The trading floor of the Chicago Board of Trade during business hours on a normal day would fit anybody's definition of chaos. Each trading pit is filled with screaming, arm-waving, gesticulating traders jumping up and down, scribbling on little pieces of paper, and handing notes back and forth to ``runners'' shuttling to and from the wire terminals where orders are received. This is an efficient market at work on a normal day. Since there are a large number of orders to buy and sell at many points around the current price (hence the many pieces of paper in the traders' order books), movements in price will be close to continuous. Since there are a large number of buyers and sellers, including floor-based ``scalpers'' or ``locals'' willing to make trades of less than a minute's duration to turn a profit of one tick in price, the market can accept large buy or sell orders without discontinuous price changes (it is unusual in a market this liquid for consecutive transactions to differ in price by more than the minimum increment of quotation, even if the overall price swings in a day are large). That a well-balanced, highly-liquid, efficient market near equilibrium looks like a cockfight where somebody forgot the chickens is evocative of the intellectual tension between the apparent messiness and anarchy of markets and their usually smooth functioning in practice.
What happens when the market diverges from equilibrium? Two days before I wrote these words Ford Motor Company issued a press release to the effect that their researchers had made major progress in developing a catalytic converter for automobiles that required no platinum. This news hit the platinum market, which had been rising strongly for much of the last year, like a sledgehammer. Now the Ford announcement, which simply reported that patents had been granted on a device which would undergo initial tests in 1989, had absolutely no impact on the near-term supply and demand for platinum, for which automotive catalytic converters represent 30% of the world demand and 60% of the U.S. demand. Nonetheless, the announcement caused a huge number of sell orders to hit the platinum market while most participants scrambled to figure out the actual significance of the development.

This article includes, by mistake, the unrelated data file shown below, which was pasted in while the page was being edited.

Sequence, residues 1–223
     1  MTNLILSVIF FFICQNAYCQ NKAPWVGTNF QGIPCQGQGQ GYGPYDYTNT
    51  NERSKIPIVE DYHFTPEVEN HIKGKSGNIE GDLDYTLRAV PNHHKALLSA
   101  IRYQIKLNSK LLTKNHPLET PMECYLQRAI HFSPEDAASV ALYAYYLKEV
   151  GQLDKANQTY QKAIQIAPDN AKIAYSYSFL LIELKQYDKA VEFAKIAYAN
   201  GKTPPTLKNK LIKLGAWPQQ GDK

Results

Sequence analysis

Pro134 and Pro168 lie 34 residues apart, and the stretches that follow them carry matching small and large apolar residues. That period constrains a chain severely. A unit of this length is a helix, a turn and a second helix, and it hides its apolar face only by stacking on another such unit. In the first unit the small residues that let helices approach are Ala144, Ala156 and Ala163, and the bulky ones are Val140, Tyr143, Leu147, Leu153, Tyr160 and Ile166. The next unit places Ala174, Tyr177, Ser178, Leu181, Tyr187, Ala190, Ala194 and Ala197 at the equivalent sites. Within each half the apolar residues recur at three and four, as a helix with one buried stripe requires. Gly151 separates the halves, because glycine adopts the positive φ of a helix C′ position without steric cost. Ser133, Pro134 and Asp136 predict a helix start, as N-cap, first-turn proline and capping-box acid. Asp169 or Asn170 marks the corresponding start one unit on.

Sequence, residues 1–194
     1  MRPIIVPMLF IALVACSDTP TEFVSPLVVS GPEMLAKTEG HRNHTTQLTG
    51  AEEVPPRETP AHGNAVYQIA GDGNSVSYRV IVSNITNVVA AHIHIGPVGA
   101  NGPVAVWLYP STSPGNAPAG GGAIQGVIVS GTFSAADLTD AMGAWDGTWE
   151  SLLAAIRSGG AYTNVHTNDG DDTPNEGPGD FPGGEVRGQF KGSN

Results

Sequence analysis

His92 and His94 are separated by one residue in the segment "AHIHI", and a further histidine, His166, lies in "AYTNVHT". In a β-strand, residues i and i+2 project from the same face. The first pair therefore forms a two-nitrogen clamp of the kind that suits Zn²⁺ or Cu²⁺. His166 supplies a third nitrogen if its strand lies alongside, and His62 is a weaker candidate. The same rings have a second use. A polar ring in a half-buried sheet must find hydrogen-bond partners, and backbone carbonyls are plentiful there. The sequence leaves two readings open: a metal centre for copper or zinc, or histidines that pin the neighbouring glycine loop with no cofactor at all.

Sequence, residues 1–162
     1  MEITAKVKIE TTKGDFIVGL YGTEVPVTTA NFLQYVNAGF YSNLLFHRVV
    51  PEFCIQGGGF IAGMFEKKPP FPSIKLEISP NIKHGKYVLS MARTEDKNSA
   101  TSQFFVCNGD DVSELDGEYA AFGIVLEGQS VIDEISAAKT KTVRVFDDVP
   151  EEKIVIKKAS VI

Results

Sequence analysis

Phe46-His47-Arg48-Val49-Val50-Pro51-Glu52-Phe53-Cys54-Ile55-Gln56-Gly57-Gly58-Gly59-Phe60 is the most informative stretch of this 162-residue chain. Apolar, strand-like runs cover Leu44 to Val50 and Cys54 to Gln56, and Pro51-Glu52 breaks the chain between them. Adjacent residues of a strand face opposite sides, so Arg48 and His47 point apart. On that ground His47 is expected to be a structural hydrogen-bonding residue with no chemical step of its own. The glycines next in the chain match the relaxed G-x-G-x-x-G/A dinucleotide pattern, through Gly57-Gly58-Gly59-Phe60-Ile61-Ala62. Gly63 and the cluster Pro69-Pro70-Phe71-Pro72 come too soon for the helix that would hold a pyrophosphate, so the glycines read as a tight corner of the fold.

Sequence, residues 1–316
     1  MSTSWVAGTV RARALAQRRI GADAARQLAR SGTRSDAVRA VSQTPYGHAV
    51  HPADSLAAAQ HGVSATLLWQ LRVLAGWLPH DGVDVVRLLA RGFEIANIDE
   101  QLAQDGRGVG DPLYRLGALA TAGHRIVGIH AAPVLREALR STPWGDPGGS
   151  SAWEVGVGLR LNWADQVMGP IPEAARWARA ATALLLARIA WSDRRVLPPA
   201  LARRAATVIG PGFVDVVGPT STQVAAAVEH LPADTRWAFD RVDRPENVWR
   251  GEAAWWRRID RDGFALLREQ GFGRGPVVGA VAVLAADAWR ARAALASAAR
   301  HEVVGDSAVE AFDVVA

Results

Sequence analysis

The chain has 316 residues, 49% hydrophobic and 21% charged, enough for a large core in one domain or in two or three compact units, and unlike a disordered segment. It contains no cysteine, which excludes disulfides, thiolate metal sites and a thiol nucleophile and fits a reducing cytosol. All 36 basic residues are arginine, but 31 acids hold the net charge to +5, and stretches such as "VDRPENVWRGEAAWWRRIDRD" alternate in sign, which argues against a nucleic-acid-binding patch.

What did the platinum pit look like after the news arrived? Chaos squared? No, it was dead. Futures markets have daily trading limits, so when all the sell orders hit the market it simply went down the limit and business ceased because there were no buyers at the limit-down price. This was a market out of equilibrium, a market where the disequilibrium caused volume to dry up, and thus the price-setting function of the market temporarily ceased to function. (Although daily trading range limits are unique to U.S. futures markets, the same effect would have obtained in any other market through different means. On the New York Stock Exchange they call it ``stock closed by the specialist due to order imbalance''. On NASDAQ the broker-dealers simply remove their bids from the system or stop answering their phones.)
The only thing one can predict with certainty in a market is that equilibrium will be re-established at a new price, and trading will resume its chaotic course from that point.
Editor: John Walker